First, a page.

How to get started
Where to start from? How can you trace your ancestors? The sources indispensable for genealogical research are generally of two types: those private, including, obviously first and foremost, personal memories (direct sources) and the oral tradition of one’s family (indirect sources) but also family and personal archives; those public, such as civil status, registry office, military documentation and parish records; and, secondly, although less rich in genealogical data, notarial deeds, land registers and professional orders’ registration numbers are equally important.
Other public sources where data concerning individual people can be obtained are the funds of the Police Headquarters, Prefecture, Courts, public welfare bodies, orphanages, hospitals etc.
In reality, genealogical research, like any other archival research, needs clues, and ultimately, no document, not even an accounting register, can be said to be insignificant when it can provide even a single piece of information to integrate our starting data or a trace which links you to other useful documents to continue your research.
But to begin with, it is best to first of all resort to the so-called “serial” sources, i.e. the recordings and documents produced and preserved over time mainly by public offices or ecclesiastical structures and now accessible in state archives or other historical archives. The research must start from geographical references, time and parental relationships (filiation, brotherhood and marriage), to proceed, according to a general rule, necessarily backwards in time.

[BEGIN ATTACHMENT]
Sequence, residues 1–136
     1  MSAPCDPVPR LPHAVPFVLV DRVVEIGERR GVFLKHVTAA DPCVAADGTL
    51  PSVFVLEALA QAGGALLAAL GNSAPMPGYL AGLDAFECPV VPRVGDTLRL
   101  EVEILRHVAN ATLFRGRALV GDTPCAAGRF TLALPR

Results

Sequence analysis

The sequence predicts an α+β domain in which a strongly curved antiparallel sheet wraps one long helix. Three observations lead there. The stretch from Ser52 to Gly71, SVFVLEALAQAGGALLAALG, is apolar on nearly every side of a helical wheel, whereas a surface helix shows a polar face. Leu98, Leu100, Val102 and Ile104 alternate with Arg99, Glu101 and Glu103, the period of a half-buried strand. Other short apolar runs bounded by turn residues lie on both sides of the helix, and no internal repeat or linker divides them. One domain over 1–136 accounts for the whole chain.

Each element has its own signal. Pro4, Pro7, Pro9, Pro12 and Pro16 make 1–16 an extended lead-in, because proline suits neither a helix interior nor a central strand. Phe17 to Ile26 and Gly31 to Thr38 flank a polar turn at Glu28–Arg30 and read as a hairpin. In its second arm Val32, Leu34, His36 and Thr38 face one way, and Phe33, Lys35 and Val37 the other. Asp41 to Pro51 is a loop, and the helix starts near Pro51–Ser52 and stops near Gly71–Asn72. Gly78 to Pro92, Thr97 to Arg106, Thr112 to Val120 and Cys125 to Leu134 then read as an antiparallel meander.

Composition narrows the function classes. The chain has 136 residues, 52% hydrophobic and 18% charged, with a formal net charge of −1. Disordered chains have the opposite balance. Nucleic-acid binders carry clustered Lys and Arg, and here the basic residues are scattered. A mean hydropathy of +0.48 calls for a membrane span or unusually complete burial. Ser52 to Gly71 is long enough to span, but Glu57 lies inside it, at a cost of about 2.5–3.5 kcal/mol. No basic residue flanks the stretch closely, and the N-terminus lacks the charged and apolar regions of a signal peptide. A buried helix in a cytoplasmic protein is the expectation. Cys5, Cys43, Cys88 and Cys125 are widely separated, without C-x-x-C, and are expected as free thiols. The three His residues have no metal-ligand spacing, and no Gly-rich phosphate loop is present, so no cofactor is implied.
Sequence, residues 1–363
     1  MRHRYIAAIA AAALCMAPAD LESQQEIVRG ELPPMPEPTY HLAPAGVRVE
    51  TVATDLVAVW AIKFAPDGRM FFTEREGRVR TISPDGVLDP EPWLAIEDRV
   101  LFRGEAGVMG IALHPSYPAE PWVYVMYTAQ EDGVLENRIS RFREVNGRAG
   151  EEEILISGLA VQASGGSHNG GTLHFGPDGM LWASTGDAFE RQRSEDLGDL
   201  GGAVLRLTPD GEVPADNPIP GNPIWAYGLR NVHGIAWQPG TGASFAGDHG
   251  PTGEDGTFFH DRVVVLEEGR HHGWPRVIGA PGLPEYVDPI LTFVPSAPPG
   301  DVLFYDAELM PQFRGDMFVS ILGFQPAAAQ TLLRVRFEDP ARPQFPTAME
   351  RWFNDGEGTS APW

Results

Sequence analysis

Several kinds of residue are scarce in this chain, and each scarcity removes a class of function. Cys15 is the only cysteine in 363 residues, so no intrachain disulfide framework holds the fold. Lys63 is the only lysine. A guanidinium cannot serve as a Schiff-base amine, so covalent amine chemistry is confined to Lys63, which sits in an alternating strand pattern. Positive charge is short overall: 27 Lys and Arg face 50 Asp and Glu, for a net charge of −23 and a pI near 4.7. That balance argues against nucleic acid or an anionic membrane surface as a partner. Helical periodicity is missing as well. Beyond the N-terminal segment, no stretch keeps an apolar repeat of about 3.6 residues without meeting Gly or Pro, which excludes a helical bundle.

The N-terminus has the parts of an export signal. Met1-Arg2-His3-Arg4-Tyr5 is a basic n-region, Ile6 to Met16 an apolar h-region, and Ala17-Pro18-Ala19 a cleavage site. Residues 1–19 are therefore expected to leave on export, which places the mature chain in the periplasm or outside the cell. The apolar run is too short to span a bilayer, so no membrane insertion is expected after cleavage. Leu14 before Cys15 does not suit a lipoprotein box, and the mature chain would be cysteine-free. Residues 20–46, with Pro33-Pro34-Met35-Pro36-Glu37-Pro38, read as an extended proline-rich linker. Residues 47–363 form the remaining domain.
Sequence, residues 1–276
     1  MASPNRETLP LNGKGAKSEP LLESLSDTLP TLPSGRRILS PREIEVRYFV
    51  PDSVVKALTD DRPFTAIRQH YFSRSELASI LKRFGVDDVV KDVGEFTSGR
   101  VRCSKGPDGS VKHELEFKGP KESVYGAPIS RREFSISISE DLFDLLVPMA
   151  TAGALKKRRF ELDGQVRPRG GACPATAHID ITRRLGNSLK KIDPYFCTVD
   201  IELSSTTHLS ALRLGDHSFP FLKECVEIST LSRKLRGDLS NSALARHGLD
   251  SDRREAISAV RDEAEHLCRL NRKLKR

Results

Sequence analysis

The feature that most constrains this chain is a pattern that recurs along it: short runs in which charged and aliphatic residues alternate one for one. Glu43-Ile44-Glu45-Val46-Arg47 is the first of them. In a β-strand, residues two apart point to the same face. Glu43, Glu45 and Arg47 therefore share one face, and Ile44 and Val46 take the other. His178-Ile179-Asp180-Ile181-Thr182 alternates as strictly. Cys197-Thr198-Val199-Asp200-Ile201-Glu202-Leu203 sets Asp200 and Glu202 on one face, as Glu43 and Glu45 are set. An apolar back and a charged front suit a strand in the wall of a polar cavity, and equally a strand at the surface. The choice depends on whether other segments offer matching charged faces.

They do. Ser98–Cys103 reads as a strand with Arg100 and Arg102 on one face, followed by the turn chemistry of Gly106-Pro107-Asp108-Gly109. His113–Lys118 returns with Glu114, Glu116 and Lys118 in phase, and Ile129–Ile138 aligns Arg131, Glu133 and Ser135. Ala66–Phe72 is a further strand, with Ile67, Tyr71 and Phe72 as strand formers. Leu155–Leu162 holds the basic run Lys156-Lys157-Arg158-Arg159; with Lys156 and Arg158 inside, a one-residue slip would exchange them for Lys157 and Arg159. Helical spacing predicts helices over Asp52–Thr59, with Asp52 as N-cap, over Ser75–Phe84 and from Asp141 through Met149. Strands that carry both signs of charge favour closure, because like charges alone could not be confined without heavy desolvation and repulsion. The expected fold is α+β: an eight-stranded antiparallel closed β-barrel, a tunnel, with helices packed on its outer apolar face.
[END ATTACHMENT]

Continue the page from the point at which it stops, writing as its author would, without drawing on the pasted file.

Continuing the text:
And therefore, to search for the personal data of one of our ancestor, starting from the date known to us, generally obtained from a document or news in our possession, it is advisable proceed as follows: starting from the date of 1 January 1866 onwards, it is appropriate make use of civil status documents or, (as an alternative, parish registers and military sources); from the date of 31 December 1865 until the early 1600s it is advisable carry out research on parish records (for some areas and in particular cases the parish records are older and date back to the 14th century); from the oldest parish records back in time to the 13th century it is advisable carry out research on notarial deeds and on estimates and land registers; even further back in time, in theory, it’s possible try to identify traces of the most remote ancestors in the diplomatic funds of the noble archives, of the municipalities, of the most ancient monasteries and churches.